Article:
The concerns of poetry are emotion, feeling, intuition, imagination as pathways to insight and 'felt understanding' often of the unknown. ALL of these are abstractions. Abstractions cannot be experienced directly, cannot be experienced with the senses, because abstractions are intellectual summations of experience. So, I would think of interest to writers of fiction, poetry turns to the world of the known, the concrete, to create images of new congruity that give teeth to the abstract and can move readers to epiphanies of insight closed to rationality. With different ends in mind, the writer of fiction can use the concrete as a platform on or from which to launch into nuances necessary for Story.

Donne's poem (copied below) which you will be delighted to hear I am NOT going to 'analyze,' stands as a superb example of concrete methodology. As an example, I hope you'll find it of interest for your own work. Just as importantly . . . . . .I hope you enjoy it. .


A VALEDICTION FORBIDDING MOURNING

As virtuous men pass mildly away,
And whisper to their souls, to go,
Whilst some of their sad friends do say,
'The breath goes now,' and some say, 'No:'


So let us melt, and make no noise,
No tear-floods, nor sigh-tempests move;
'Twere profanation of our joys
To tell the laity our love.

Moving of th' earth brings harms and fears;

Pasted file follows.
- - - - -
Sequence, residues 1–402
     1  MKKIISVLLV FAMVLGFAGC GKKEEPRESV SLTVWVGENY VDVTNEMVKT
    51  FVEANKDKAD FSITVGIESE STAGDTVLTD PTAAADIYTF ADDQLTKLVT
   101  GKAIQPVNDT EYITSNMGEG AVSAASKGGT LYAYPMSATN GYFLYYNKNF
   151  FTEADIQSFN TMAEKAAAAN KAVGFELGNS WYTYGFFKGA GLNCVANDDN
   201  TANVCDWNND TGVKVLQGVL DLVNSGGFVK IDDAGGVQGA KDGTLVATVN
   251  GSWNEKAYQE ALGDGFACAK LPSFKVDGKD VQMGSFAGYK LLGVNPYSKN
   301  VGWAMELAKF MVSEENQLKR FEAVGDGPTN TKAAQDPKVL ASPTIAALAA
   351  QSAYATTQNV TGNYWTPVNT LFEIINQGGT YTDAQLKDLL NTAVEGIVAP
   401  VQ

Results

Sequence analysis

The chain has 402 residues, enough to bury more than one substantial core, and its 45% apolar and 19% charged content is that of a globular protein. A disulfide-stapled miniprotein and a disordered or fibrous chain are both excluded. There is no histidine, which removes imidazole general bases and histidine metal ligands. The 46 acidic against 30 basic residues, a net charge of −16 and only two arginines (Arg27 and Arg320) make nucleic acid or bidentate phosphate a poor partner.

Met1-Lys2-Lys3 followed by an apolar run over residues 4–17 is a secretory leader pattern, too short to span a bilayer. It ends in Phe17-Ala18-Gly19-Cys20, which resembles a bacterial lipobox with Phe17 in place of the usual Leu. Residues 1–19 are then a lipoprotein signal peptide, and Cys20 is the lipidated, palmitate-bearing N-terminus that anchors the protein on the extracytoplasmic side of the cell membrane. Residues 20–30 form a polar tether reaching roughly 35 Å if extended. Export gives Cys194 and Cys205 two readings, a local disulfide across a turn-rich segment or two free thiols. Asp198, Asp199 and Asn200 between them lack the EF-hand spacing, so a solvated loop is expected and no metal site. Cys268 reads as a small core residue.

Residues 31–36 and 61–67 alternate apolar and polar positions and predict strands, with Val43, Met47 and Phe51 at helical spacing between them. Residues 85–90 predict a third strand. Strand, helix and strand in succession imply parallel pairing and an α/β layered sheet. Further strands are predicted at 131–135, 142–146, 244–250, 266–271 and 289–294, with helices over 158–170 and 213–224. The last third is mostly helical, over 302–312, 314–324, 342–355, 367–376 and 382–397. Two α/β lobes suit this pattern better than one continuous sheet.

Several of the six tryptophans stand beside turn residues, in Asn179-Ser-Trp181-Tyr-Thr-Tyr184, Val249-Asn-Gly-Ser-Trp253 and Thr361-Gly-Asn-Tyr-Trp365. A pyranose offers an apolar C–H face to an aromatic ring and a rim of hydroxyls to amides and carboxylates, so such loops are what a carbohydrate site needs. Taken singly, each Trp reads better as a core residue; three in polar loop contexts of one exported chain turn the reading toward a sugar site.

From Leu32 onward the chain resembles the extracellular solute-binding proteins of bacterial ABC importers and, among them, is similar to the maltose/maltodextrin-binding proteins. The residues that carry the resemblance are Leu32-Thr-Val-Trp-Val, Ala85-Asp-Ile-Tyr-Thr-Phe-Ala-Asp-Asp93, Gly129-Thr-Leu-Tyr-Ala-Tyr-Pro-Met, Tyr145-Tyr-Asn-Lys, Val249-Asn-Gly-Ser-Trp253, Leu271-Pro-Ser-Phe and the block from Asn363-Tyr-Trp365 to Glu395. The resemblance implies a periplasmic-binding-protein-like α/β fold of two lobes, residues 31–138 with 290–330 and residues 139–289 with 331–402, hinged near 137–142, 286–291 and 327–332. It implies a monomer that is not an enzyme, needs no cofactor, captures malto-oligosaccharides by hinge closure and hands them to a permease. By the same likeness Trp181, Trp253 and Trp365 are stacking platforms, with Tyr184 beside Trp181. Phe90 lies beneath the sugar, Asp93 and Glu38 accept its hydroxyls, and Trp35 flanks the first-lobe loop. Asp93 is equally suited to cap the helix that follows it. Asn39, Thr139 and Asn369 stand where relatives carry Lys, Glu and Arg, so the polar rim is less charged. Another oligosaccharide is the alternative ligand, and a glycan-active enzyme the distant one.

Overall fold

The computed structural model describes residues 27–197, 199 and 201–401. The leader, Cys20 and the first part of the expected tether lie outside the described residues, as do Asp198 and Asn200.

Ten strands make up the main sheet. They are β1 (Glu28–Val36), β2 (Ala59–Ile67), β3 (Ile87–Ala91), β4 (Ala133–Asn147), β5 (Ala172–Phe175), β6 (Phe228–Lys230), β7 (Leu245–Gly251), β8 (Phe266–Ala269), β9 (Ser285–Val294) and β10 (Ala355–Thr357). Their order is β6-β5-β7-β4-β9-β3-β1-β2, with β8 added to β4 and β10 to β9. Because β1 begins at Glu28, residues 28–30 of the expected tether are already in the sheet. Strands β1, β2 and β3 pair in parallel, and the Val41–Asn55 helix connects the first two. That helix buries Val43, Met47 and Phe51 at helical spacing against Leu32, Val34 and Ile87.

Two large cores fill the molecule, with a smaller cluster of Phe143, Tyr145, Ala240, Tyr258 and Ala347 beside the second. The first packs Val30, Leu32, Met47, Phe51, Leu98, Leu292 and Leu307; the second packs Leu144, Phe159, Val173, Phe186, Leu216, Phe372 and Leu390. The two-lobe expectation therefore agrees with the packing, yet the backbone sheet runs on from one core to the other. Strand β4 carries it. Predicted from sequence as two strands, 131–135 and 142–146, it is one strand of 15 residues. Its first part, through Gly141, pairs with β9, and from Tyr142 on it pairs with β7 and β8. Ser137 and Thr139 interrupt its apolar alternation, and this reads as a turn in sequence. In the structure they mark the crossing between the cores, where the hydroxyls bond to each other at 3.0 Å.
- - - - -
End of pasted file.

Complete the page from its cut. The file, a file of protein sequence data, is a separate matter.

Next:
Men reckon what it did, and meant;
But trepidation of the spheres,
Though greater far, is innocent.

Dull sublunary lovers' love
(Whose soul is sense) cannot admit
Absence, because it doth remove
Those things which elemented it.

But we by a love so much refin'd,
That ourselves know not what it is,
Inter-assured of the mind,
Care less, eyes, lips, and hands to miss.

Our two souls therefore, which are one,
Though I must go, endure not yet
A breach, but an expansion,
Like gold to airy thinness beat.

If they be two, they are two so
As stiff twin compasses are two;
Thy soul, the fix'd foot, makes no show
To move, but doth, if the' other do.

And though it in the centre sit,
Yet when the other far doth roam,
It leans, and hearkens after it,
And grows erect, as that comes home.

Such wilt thou be to me, who must
Like th' other foot, obliquely run;
Thy firmness makes my circle just,
And makes me end, where I begun.






 
Last edited:

clark

Met3 Member
Staff member
Chief Mentor
Vranger -- your experience touched a (good) nerve. My father died when I was 2/3-way through the formal final exam period in my 3rd-year at UBC (largest university in Western Canada). I was destroyed. Dad and I were close. I didn't even remember the two exams I had left, never mind go to the rooms and write them. The Head of the English Dept., who knew me--I'd taken a couple of his courses--phoned me at home with condolences. He told me that they would calculate final marks in the two courses from my marks to date. But what about my paper for Dr. de Bruyn? OMG, I'd completely forgotten about it. I was at p. 40, first draft. De Bruyn was away sick. The Head said, "I'm sending someone around to pick up your draft. I'll read it. Then do you have 15 minutes to tell me over the phone where you would have gone with it, were you able to finish?" Yes, those people were out there many years ago, Vranger. I sure hope they're out there in our schools and universities now.
 
Status
Not open for further replies.
Top